[Cross-posted on Blue Mass Group.]
Much to Republican Scott Brown's dismay, the last week focused significantly on Brown's votes and behind-the-scenes operating in the U.S. Senate, which means it was a bad week for Brown. Even Brown's attempt to create a new distraction in the perennial "debate over the debates" blew up in his face.
The big issue of the week was Republican Scott Brown's vote against the Paycheck Fairness Act, a bill whose sole purpose is to provide more effective remedies to victims of gender-based pay discrimination in the workplace. If Brown voting against equal pay for equal work wasn't insulting enough, he compounded his fault by labeling the measure a "burden" on business. I can't imagine that most female voters would take kindly to Republican Scott Brown telling them that treating them equally is a "burden." But, hey, you can't fault Brown when he "takes a stand," I suppose. In advance of Brown's expect anti-woman vote on this issue, ProgressMass took a look back at Brown's anti-woman record and rhetoric.
In addition to Brown's voting the U.S. Senate, Brown's wheeling and dealing behind-the-scenes earned highly critical attention this week. A series of e-mails between Brown's office and the U.S. Treasury Department came to light revealing that, not only did Brown work hard to water down Wall Street regulations in advance of the passage of the financial reform bill, but he continued to work to loosen regulations even after the bill became law!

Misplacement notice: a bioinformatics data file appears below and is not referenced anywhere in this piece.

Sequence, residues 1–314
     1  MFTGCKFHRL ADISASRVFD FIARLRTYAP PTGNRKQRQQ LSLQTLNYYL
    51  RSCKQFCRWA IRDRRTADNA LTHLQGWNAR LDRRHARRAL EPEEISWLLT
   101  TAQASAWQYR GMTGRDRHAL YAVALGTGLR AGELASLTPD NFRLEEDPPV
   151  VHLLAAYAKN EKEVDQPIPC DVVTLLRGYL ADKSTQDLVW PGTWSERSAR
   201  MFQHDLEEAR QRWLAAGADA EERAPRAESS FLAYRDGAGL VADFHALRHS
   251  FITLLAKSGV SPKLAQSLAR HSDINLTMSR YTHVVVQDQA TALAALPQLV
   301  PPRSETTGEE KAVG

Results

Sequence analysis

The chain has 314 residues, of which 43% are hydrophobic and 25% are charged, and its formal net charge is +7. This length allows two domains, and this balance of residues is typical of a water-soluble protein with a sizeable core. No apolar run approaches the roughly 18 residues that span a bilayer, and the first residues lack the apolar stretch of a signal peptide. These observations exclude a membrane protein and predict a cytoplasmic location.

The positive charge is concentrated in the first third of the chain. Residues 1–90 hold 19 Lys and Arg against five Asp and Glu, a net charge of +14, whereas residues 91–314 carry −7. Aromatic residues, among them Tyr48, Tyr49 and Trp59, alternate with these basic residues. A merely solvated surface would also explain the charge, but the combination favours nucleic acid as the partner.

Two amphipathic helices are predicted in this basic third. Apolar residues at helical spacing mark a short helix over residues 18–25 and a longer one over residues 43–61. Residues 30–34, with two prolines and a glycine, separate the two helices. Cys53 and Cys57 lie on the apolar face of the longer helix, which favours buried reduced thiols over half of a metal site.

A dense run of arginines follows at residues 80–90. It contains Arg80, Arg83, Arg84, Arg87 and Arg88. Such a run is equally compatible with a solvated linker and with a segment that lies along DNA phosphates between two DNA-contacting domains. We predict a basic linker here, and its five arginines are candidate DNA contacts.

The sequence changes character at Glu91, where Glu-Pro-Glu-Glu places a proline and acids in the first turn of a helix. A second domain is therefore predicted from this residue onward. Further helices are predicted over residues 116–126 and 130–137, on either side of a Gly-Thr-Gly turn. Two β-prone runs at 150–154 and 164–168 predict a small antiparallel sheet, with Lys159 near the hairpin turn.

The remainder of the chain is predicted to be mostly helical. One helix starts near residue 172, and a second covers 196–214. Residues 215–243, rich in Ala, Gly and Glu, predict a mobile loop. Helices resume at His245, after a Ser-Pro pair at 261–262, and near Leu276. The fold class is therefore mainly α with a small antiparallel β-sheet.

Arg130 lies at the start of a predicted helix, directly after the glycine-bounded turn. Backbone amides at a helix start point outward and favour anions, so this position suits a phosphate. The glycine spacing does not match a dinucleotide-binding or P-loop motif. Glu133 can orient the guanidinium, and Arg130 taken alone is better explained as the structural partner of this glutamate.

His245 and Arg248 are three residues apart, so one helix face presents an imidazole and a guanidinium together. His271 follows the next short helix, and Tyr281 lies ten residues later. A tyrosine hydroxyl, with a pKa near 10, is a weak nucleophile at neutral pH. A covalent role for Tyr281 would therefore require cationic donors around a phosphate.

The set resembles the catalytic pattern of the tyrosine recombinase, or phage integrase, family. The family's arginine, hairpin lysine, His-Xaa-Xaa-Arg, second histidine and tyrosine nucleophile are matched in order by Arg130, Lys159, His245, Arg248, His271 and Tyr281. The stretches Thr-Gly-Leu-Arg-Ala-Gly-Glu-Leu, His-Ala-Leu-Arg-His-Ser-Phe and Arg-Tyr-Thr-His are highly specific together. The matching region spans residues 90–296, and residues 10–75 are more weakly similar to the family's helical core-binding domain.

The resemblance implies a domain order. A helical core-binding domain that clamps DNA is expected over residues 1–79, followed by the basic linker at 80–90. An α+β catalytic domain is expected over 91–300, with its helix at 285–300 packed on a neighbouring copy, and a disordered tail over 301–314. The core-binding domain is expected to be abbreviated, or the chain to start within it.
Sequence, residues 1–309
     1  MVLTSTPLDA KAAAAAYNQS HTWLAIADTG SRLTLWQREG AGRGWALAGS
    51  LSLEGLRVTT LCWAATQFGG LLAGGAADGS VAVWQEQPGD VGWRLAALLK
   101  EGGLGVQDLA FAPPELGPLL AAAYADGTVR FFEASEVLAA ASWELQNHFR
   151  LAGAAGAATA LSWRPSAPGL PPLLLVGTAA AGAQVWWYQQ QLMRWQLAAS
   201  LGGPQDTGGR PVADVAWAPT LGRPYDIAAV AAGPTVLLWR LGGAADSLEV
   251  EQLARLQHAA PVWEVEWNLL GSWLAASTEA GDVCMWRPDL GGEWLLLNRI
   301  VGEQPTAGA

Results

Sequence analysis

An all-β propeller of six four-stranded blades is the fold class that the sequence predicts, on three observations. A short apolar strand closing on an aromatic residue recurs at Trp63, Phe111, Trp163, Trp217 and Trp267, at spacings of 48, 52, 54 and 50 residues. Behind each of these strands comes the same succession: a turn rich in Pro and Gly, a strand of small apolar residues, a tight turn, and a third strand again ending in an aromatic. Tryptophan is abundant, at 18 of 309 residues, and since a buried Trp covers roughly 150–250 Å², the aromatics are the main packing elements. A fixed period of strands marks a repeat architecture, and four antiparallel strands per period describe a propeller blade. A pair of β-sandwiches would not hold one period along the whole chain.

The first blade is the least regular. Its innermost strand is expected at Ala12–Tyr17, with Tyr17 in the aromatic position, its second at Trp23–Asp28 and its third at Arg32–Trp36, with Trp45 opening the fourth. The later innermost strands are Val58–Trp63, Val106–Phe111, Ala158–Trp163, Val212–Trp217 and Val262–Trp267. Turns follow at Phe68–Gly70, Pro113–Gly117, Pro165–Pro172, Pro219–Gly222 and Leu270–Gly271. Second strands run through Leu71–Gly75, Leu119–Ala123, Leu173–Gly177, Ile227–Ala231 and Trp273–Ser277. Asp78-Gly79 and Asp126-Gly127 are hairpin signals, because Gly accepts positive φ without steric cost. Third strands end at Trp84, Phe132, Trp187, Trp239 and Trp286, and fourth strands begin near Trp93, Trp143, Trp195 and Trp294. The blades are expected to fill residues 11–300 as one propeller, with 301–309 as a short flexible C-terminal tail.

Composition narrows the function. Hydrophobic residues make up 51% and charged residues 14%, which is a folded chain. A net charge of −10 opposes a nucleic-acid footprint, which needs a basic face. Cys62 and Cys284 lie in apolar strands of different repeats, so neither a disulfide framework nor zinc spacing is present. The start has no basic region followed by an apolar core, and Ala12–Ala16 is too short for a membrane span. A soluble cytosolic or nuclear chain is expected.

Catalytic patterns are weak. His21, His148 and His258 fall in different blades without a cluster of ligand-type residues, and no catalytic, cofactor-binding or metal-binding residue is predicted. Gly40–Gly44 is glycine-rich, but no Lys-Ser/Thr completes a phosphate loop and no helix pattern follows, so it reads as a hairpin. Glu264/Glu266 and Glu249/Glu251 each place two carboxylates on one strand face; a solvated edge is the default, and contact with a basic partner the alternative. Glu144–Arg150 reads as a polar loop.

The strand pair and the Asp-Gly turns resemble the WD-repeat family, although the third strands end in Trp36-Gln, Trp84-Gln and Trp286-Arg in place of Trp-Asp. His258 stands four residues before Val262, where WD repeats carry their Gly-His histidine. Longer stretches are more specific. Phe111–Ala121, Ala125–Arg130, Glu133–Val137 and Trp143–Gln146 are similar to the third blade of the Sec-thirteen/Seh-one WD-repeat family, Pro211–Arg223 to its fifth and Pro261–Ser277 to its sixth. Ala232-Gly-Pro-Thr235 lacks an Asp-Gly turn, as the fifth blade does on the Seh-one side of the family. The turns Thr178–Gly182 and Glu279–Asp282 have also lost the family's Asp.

E-mails between Brown's legislative director and US Treasury Department officials show that Brown advocated for a loose interpretation of the law so that banks could more easily engage in high-risk investments. [...]
At issue in Brown's e-mails is the Volcker rule, a particularly contentious provision of Dodd-Frank. The rule, championed by Paul Volcker, a former chairman of the Federal Reserve, prevents commercial banks from speculating heavily in higher risk investments. Banks are federally insured, which means that if they fail, taxpayers must reimburse many depositors.
Brown's role in helping to loosen the Volcker rule in advance of casting his vote on Dodd-Frank has been well-documented. Notably, he helped create a provision that allows banks to invest up to 3 percent of their money in riskier investments such as hedge funds and private equity funds, and to own up to 3 percent of an individual fund - additions that won him Wall Street support.
But e-mails obtained by the Globe show that Brown's work on behalf of the financial sector did not stop when the law was passed. In the second stage, as regulators began the less publicly scrutinized task of writing rules amid heavy pressure from the banking sector, Brown urged the regulators to interpret the 3 percent rule broadly and to offer banks some leeway to invest in hedge funds and private equity funds.
You may recall that Republican Scott Brown went so far as to tout his vote in favor of the financial reform bill in his most recent, highly misleading TV ad. Of course, Brown fails to mention his ongoing effort to water down the Wall Street regulations contained in the bill. In fact, the ad was so misleading that ProgressMass released a video play-by-play, debunking just about every claim Brown makes: